Welcome to our ‘spiral market selection’ interview series, where we look at living from the viewpoint of artists and creators engaged in craftsmanship for daily life. For our seventh interview, we talked with Sakura Haneda of vivo stained glass and Takehisa Ueda whose furniture creations under the brand name FLANGE plywood begin with the production of handmade plywood.
vivo stained glass (hereafter vivo) :
This was my first time doing a collaborative exhibit with FLANGE plywood. We came together at the suggestion of Spiral Market.
We made a variety of collaborative items, and you know from the first meeting right up to the day the exhibition began, we were both very excited. My imagination started flowing the moment I viewed the FLANGE website and then visited his studio. I wanted him to create stands for my stained glass works, and even without detailed briefing he understood so well what I meant. The stands for the “Pressed Flower Panels”, for example – the base is transparent glass and Takehisa made the stands so the glass would show through, and I think it looks beautiful. He made all kinds of pieces to complement mine, fine-tuning the shapes, sizes and even the depth of the grooves for setting the glass. They are so beautiful. I can’t explain how happy I was and what a boost it gave me.
FLANGE plywood（hereafter FLANGE）:
On the flipside, Sakura made the stained glass pieces that fit the FLANGE frames that I shared with her. It was an incredible experience and so different to craftsmanship where I am solely responsible for the completion of a piece. The result was something I can’t possibly achieve on my own.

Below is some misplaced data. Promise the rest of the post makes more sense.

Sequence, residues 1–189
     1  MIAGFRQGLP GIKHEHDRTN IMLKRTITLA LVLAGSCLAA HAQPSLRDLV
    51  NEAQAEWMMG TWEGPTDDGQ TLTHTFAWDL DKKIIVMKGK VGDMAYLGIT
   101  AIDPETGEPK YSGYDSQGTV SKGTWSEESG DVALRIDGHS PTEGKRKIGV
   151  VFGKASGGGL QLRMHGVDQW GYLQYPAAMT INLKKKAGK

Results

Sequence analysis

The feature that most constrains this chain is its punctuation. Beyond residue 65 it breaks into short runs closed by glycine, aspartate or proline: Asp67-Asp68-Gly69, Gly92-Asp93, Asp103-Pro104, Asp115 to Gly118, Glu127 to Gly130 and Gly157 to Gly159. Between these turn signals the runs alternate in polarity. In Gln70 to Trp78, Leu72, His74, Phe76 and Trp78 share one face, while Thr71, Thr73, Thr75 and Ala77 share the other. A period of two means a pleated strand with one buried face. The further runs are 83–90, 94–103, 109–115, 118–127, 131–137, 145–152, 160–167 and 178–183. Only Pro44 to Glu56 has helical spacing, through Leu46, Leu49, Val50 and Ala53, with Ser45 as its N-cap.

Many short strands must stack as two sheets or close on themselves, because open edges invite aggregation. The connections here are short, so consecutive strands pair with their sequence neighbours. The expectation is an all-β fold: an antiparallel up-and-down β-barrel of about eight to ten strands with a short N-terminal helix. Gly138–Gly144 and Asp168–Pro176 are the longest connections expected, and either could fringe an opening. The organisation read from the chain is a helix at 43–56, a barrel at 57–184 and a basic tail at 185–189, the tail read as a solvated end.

I’ve always been interested in plywood and parquetry, but I didn’t understand the production process, so it was fascinating to me. I had no idea how long it took to produce one piece, for example. The layers in FLANGE pieces are beautiful, whether viewed from above or the side. It’s such a pleasure to use these incredible stands for my works. I am certain all the visitors to the exhibition appreciated the quality of his works.
At the end of the day, though, stands just play a supporting role. Most people simply buy a commercial product, and that’s something I need to consider more carefully.
──Craftsmanship and a shared awareness of space
This was my first time collaborating with a stained-glass artist and, to be honest, at first I wasn’t sure how it would come together. My only image was of art nouveau pieces with plant and flower motifs in colourful glass, and I wasn’t quite sure how to approach it. But then I saw the vivo stained glass pieces with their modern simplicity and soft tones. They are linear but still exhibit a handmade form. I love how they have a different kind of organic linearity to wooden pieces. And I could also see that Sakura thinks of her works as interior items and considers how they fit with our lifestyle – that’s when the ideas for collaboration just fell into place for me.
For me too, when I visited the FLANGE studio, I noticed Takehisa uses similar base colours — moss green, bronze, clear – so it felt like a really natural collaboration. During the installation as well, we talked, didn’t we, about how it felt really natural to be exhibiting our individual pieces side-by-side.
At vivo, I use pop colours in some of my pieces, but that can sometimes make an interior item’s presence overwhelming, and the object doesn’t fit with everything else. So I try to focus on calming, subdued tones that meld naturally into a living space. You could say that our shared focus is an awareness of space.
──Craftsmanship born from daily living